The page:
“If you ask what is the single most important key to longevity, I would have to say it is avoiding worry, stress and tension. And if you didn’t ask me, I’d still have to say it.” — George F. Burns
Every two seconds someone dies from a stress-related condition. According to the World Health Organization, stress is the “Health Epidemic of the 21st Century.” But how can it be that so many people are walking stress bombs and don’t even seem to notice it? Researchers say that this is due to habituation — we are so used to being stressed, anything less than a constant level of stress feels, well… somewhat foreign.
Ask yourself these five questions?
Do you wake up in the morning with a racing heart and worry over your day?
Do you have a difficult time focusing?
Do you feel that there is never enough time in your day?
Do you have a hard time winding down at night or falling asleep?
Do you feel guilty if there is even the slightest lull in your day?
If you answered yes to three or more of these questions, and this is a common occurrence in any given week, you are stressed, whether you know it or not.
Sometimes stress is a good thing — our body needs it, and experiencing occasions of good stress is actually healthy. However, chronic stress over long periods of time can really take its toll on both your physical and mental health.
Physical symptoms such as headaches, joint pain, low energy, aches and pains, chest pain, loss of libido, gastrointestinal discomfort or frequent colds or flu, are often the result of chronic stress.
You may suffer from bouts of depression, irritability, forgetfulness or moodiness also as a result of stress. The reality is, your whole being suffers, often including your interpersonal relationships when you are stressed for a long period of time.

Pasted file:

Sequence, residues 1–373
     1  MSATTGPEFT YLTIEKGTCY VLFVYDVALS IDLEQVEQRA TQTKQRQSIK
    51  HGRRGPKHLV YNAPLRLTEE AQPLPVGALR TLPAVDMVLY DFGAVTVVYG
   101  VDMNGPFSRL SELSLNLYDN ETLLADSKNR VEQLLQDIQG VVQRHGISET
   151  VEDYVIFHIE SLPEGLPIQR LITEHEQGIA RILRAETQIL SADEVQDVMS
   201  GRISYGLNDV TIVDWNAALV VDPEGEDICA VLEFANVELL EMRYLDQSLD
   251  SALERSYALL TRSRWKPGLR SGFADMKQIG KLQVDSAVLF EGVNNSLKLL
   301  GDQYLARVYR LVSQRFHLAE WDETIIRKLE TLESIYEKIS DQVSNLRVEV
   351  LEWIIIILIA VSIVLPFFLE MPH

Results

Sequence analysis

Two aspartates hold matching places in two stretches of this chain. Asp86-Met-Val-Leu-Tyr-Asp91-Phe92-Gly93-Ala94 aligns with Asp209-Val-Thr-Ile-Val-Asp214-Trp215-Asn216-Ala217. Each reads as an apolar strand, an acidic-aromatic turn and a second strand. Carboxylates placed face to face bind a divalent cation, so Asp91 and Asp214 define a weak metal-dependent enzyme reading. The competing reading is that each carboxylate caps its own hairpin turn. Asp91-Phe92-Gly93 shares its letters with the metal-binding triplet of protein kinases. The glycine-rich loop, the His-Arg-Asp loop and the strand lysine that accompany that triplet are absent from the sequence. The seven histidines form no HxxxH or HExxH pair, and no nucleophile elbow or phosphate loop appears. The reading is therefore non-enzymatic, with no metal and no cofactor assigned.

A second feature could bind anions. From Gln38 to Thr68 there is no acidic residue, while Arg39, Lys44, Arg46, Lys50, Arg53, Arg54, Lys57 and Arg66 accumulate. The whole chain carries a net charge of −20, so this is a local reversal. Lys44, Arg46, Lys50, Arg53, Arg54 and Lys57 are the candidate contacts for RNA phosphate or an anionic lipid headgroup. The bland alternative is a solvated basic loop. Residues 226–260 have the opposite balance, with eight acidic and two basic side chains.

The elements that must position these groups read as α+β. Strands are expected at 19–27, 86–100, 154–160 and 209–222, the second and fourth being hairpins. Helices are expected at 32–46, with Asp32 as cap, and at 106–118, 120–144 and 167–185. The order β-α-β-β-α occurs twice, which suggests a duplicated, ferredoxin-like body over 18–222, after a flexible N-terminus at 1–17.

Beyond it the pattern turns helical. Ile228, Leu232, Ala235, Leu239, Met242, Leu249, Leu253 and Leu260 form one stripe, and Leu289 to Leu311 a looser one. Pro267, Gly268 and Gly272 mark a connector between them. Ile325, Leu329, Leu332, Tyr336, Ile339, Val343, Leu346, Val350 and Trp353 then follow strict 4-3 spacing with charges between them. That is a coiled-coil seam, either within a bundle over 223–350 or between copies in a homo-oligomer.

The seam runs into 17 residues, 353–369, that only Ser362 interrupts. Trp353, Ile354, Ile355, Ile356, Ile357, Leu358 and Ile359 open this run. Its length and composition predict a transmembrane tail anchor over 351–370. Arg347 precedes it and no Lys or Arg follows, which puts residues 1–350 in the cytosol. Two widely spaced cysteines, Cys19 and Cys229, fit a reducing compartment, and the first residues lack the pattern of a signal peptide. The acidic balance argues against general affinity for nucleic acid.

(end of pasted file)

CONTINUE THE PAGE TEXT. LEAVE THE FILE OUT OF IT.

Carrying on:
The rise of cortisol
Cortisol is a stress hormone released by the adrenal gland that partners with epinephrine to create what is known as the fight-or-flight response. While necessary for everyday activities and the odd stressful event, our hectic lifestyles of today create an environment where cortisol is being produced in excessive amounts around the clock.
Elevated levels of cortisol in the body over long periods of time result in the ideal environment for a number of dangerous conditions to flourish.
Here are just five of the many reasons why less stress could help you live longer:
1. Excessive cortisol over long periods of time causes an elevation in blood sugar (glucose), which increases the risk of diabetes.
2. In the short term, cortisol has an anti-inflammatory effect, but long-term exposure to stress causes immune system suppression, which opens you up to illness.
3. Elevated cortisol can lead to weight gain (especially around the abdomen), which is a precursor for a number of dangerous conditions.
4. Cortisol constricts blood vessels and increases blood pressure. This can set the stage for the development of heart disease.
5. Too much cortisol compromises the lining of the digestive tract, which can lead to the development of serious, uncomfortable, and embarrassing gastrointestinal symptoms.
Reduce stress today
There are many ways to tame the chaos; the most important thing is to learn to pay attention to the signals of excessive stress and to find ways to manage both the stress itself as well as your reactions to it. It is important to slow down often enough and for long enough to give yourself a real break.
Some people turn to tools such as exercise, meditation, yoga, or time in nature as a daily dose of stress relief. Others might need to take more dramatic steps, like changing jobs or setting better boundaries in relationships in order to relieve the pressure. Winding down the day with a short walk, listening to music, a warm bath, or reading can go a long way to helping ease into a good night’s sleep.
The key is to be plugged into your body well enough that you can recognize when things are getting too stressful. The best way to do this is to practice prevention. Be kind to yourself, go on frequent dates with yourself where you have the time you need to relax before it is too late!
— Dr. Joshua Levitt